Strike worries overshadow Detroit Auto Show

Strike worries overshadow Detroit Auto Show

Led by its new president, Shawn Fain, the United Auto Workers has thus far rejected proposals from Detroit automakers as inadequate
Led by its new president, Shawn Fain, the United Auto Workers has thus far rejected proposals from Detroit automakers as inadequate. Photo: BILL PUGLIANO / GETTY IMAGES NORTH AMERICA/Getty Images via AFP/File
Source: AFP

This week's Detroit Auto Show is meant to showcase impressive new electric vehicles, but the fanfare looks destined to be upstaged by a brewing labor dispute and the increasing likelihood of a strike.

The show, known officially as the North American International Detroit Auto Show, opens to the public on Saturday following media and technology days earlier in the week.

But this year's Detroit gathering -- now mainly a forum for products of the three legacy Michigan automakers -- comes as Detroit's "Big Three" face down-to-the-wire contract negotiations with the United Auto Workers led by its ambitious new president Shawn Fain.

"The labor contract negotiations are on everyone's mind," said Alan Amici, president of the Center for Automotive Research, a nonprofit in Ann Arbor, Michigan. "There's a degree of nervousness in the Detroit area."

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As the two sides have traded proposals and counterproposals in recent days, Fain has made clear his displeasure with Ford, General Motors and Stellantis, reiterating the possibility of a strike at all three companies if there is no agreement by September 14, when the current contracts expire.

The UAW represents about 150,000 workers at the three companies.

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"If we hit 11:59 Thursday without a deal at any of the Big Three automakers, there will be a strike at all three if need be," Fain said Friday night in a webcast briefing.

Fain has said rank-and-file workers merit the same 40 percent pay hikes as enjoyed by the automakers' CEOs. But the latest pay offers from the companies fall well below this level.

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The carmakers have also balked at measures to boost retiree health benefits and reinstate guaranteed pensions for all workers.

Smaller show

Formerly held in January, the Detroit show was rebooted as an autumn event in 2022 with a primary focus on retail consumers, offering a chance to get a closer look at electric vehicles (EVs) expected to become a bigger presence in the years ahead.

Last year's event had few major auto reveals and was skipped by international mainstays of the old January show like Toyota and Volkswagen. But President Joe Biden made an appearance, touting an EV future.

President Joe Biden gave a boost to the 2022 Detroit Auto Show, which has been scaled back from its glory days before the Covid-19 pandemic
President Joe Biden gave a boost to the 2022 Detroit Auto Show, which has been scaled back from its glory days before the Covid-19 pandemic. Photo: BILL PUGLIANO / GETTY IMAGES NORTH AMERICA/Getty Images via AFP/File
Source: AFP

This year's highlights include the Tuesday night launch of an upgraded Ford F-150 pickup, long the top-selling vehicle in the United States.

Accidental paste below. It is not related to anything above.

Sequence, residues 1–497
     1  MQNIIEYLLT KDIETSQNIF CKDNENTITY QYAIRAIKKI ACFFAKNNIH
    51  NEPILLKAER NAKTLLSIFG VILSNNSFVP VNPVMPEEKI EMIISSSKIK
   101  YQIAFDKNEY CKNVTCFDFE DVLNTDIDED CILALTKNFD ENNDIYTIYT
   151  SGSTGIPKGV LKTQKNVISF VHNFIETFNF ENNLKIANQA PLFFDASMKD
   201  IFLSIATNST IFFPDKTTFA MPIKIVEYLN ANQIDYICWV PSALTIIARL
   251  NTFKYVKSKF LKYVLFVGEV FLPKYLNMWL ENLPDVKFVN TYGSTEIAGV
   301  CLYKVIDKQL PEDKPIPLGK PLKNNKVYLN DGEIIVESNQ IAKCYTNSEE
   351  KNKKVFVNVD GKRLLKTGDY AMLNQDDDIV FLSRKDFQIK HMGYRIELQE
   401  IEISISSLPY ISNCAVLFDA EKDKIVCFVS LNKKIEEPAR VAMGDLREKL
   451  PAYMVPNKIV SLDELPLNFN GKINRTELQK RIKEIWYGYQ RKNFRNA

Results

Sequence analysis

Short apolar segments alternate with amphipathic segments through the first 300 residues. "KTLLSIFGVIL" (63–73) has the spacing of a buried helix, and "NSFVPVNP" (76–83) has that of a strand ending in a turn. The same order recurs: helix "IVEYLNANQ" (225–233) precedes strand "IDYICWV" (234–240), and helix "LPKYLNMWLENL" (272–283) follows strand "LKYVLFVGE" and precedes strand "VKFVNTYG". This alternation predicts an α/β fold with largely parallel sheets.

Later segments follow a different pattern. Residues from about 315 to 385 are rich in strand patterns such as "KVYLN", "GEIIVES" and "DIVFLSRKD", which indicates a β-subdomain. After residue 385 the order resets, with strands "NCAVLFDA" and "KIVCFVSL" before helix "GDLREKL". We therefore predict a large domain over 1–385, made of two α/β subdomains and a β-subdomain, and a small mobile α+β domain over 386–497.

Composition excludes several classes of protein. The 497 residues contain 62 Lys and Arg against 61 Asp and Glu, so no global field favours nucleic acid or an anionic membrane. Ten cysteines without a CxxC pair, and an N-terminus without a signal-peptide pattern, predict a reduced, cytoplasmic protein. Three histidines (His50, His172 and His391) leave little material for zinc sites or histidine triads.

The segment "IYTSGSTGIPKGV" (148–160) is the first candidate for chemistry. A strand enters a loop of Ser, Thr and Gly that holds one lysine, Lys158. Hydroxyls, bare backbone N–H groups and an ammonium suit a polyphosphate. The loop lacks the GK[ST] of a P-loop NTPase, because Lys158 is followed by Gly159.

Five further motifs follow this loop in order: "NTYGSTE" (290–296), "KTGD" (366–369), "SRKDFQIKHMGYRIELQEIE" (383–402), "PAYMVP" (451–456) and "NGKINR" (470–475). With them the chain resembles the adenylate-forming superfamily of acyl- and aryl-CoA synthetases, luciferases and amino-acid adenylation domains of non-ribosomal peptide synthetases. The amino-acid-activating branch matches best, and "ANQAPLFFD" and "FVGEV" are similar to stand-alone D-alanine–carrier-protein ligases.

That will be followed on Wednesday by press conferences with the GM and Stellantis brands (Stellantis was formed by the 2021 merger of Fiat Chrysler and the French PSA group), and by a technology forum on Thursday and a fireside chat with bestselling author Malcolm Gladwell.

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The UAW has not said whether it will hold events near Huntington Place, where the show is being held in downtown Detroit. But the union is expected to remain highly visible as the deadline nears.

Tough talk

Ford was the first to respond to the UAW's demands, offering a nine percent general wage increase plus six percent in one-time bonuses.

Fain said the Ford proposal "insults our very worth," and he rejected a similar offer subsequently released by GM as "insulting."

On Friday, Stellantis released an offer that included a 14.5 percent increase in wages, plus a $6,000 one-time inflation adjustment in the first year of the contract, followed by $4,500 in such payments the following three years.

"This is movement," Fain said Friday night. "We went from nine percent at Ford to 14 and a half percent at Stellantis. That's happening because we're putting on pressure."

But a 14.5 percent increase is "deeply inadequate," he said. "It doesn't make up for inflation. It doesn't make up for decades of falling wages. And it doesn't reflect the massive profits we've generated for this company."

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Given the gulf between the UAW and the companies and the little time remaining, many analysts are viewing a strike as likely, though probably not against all three automakers.

Harry Katz, a professor at Cornell's School of Industrial and Labor Relations, said Fain's "sharp" rhetoric, coupled with the waning hours have made a strike more likely.

But Katz noted that Teamsters President Sean O'Brien had also blasted company officials before reaching a deal with package delivery company UPS that averted a strike.

"There are settlements out there that are better if the parties can find them," Katz said. "But sometimes they don't find them."

Jason Miller, a professor of supply chain management at Michigan State University, said a lengthy strike would reverberate beyond Michigan, resulting in depressed household spending and having ripple effects at auto suppliers that might lay off workers.

The six-week 2019 strike at GM "hurt us a little but we obviously recovered from it," said Miller.

A long strike at all three companies would "have a major negative on the economy of the Great Lakes region and Canada as well."

Source: AFP

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